Remember those lost at Green River + Vancouver BC + South Africa + Brisbane + China + New Zealand + Scotland + Australia

17 12 2006


Dear Friends,


Thank you for standing in solidarity with your brothers and sisters here in the United States and around the world. Today is a very important day, because today we remember all the women and men who have lost their lives because they chose to do sex work as their profession. It is incomprehensible to me why somebody would want to harm another human being because they are a prostitute. I will never understand why prostitutes do not deserve equal protection under the law. It is time to end the criminalization of prostitution and begin the healing process to stop discrimation and violence against sex workers. As long as we remain criminals, we will not be safe. As long as we are criminals, society will continue to abuse and dismiss us. We are human beings and we deserve to be safe. Decriminalize prostitution now and protect us, your brothers, sisters, mother’s, fathers, daughters and sons lives depend on it. 

We have compiled a list of names of women and girls, men and boys that have died while working in the line of prostitution.

Below are the names we could find. Please remember all of those that we could not find.

In Solidarity,

Robyn Few



How the Dutch protect their prostitutes

15 12 2006


By Patrick Jackson
BBC News


As the murder of prostitutes in Suffolk grips the UK, BBC News looks at some of the safety mechanisms being used in the Netherlands to protect local sex workers there from violence.


Campaigners for EU “street walkers” use a red umbrella as their symbol

This Sunday, campaigners in North America and Europe will be marking an End Violence Against Sex Workers Day with vigils, demonstrations and posters.

The murders in Suffolk “are another horrifying chapter in a long history of violence towards sex workers”, says Petra Timmermans, a Netherlands-based campaigner for the human rights of prostitutes.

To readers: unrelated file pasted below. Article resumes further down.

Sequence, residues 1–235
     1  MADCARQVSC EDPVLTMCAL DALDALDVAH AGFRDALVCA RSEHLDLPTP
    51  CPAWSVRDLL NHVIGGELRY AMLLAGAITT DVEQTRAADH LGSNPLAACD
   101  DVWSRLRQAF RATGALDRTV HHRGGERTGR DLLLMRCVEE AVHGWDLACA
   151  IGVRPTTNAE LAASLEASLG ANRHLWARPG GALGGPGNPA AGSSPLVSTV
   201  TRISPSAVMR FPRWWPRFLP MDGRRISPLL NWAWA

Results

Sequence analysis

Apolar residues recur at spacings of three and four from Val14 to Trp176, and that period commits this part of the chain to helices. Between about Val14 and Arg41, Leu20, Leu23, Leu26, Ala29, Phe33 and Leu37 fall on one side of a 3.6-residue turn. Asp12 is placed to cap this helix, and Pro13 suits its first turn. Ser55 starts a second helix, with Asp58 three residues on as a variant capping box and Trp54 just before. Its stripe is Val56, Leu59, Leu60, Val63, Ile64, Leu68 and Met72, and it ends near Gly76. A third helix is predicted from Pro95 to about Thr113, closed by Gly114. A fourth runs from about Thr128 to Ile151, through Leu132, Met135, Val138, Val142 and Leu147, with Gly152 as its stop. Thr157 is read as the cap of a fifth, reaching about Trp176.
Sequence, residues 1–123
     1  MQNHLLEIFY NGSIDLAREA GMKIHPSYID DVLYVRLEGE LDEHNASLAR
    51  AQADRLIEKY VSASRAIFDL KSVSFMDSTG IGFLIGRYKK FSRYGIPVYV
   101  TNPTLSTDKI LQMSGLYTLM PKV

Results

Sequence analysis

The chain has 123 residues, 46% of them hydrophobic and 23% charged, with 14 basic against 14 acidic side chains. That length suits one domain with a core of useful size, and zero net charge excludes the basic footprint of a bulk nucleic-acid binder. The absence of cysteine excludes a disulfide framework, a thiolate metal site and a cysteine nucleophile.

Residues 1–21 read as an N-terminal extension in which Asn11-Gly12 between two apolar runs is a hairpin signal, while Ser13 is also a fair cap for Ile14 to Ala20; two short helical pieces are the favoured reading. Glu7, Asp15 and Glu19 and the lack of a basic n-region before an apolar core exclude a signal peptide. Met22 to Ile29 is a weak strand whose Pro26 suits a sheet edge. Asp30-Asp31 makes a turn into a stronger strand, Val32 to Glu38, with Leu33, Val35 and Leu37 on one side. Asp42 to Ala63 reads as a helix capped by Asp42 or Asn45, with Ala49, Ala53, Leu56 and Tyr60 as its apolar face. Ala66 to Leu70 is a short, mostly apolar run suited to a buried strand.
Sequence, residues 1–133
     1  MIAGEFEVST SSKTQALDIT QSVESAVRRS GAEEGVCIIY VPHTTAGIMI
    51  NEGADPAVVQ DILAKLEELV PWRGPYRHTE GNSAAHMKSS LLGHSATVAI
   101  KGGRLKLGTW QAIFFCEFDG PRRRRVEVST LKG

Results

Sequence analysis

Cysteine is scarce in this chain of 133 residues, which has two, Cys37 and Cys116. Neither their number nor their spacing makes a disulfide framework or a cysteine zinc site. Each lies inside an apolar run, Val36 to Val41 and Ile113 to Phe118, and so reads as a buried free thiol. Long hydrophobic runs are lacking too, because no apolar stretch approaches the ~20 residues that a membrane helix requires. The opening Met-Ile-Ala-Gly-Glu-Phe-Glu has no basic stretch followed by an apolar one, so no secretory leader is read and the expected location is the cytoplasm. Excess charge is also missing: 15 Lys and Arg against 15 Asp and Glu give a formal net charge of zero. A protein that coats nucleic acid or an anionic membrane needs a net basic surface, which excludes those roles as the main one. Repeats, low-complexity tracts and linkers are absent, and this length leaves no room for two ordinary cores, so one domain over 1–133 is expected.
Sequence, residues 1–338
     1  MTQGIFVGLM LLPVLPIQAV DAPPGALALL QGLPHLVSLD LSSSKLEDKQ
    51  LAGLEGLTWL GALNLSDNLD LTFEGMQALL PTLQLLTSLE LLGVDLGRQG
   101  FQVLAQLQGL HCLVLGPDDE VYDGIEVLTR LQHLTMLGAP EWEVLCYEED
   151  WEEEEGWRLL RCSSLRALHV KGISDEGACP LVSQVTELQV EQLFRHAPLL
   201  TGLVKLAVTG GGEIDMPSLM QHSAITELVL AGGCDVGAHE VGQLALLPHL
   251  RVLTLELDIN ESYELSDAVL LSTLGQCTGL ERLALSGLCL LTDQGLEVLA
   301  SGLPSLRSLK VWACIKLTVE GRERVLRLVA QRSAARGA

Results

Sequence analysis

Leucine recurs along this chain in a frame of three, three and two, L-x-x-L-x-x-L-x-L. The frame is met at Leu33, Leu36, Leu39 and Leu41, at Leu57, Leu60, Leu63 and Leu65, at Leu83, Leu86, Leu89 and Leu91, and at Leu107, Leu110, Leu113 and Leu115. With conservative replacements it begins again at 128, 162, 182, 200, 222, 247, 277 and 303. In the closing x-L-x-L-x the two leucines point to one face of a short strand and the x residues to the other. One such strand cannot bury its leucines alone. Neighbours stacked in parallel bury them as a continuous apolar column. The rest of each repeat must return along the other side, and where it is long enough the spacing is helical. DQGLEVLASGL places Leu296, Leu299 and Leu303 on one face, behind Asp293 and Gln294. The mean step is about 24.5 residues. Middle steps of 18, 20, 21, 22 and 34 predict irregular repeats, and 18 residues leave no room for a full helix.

For Ms Timmermans, the coordinator of the International Committee on the Rights of Sex Workers (ICRSW), the vulnerability of prostitutes to violence is inextricably bound up in social attitudes.

We decide that some people aren’t worth our time and violent people know that

Petra Timmermans
campaigner for prostitutes’ rights

Prostitution in the Netherlands involving Dutch or other EU citizens is a legal occupation, and a recent report by the foreign ministry shows that most work in brothels or sex clubs.

They can openly advertise their services in newspapers and on the internet.

However, a small number of legal prostitutes still solicit on the streets, government statistics show.

In response, a number of cities have created official “street walking zones” which feature special car parks for prostitutes and their clients.

Condoms and coffee

These car parks have privacy screens – “a bit like stalls”, says Ms Timmermans – between which prostitutes can conduct their business in their clients’ cars.


Netherlands: prostitutes treated as self-employed persons; street prostitution in managed zones; brothels legal but subject to licensing

Germany: similar rights for prostitutes to those of the Dutch though prostitution subject to VAT; legal brothels and recognised red light zones

France: prostitution legal – soliciting and procuring are not

Sweden: prostitution legal but buying sex is not, so clients risk prosecution

UK: prostitution not officially illegal but soliciting, procuring and brothel-keeping are

Security cameras monitor the car parks and social services provide advice, medical information and condoms.

“You can talk to a social worker, you can get a shower, a cup of coffee, things like that,” says the ICRSW’s coordinator.

“I have never heard of anyone ever being hurt, or at least seriously hurt, in a zone.”

According to the foreign ministry, “the introduction of these zones has significantly increased the safety of street walkers”.

Government figures from 2004 showed that people driven into high-risk prostitution by drug addiction – a phenomenon common among EU prostitutes – made up about 10% of all prostitutes in the Netherlands.

This is thanks to good drug outreach programmes, Ms Timmermans suggests.

And she adds that the attitude of the country’s police – “they are great in general” – is also an important factor.

Preying on the ‘worthless’

End Violence Against Sex Workers Day came about in 2003 in response to the Green River serial murders in the US, in which 48 women, most of them street-walking prostitutes, were murdered around Seattle over some 15 years.

17 dec postcard

“Violence is not part of the job description” – campaign slogan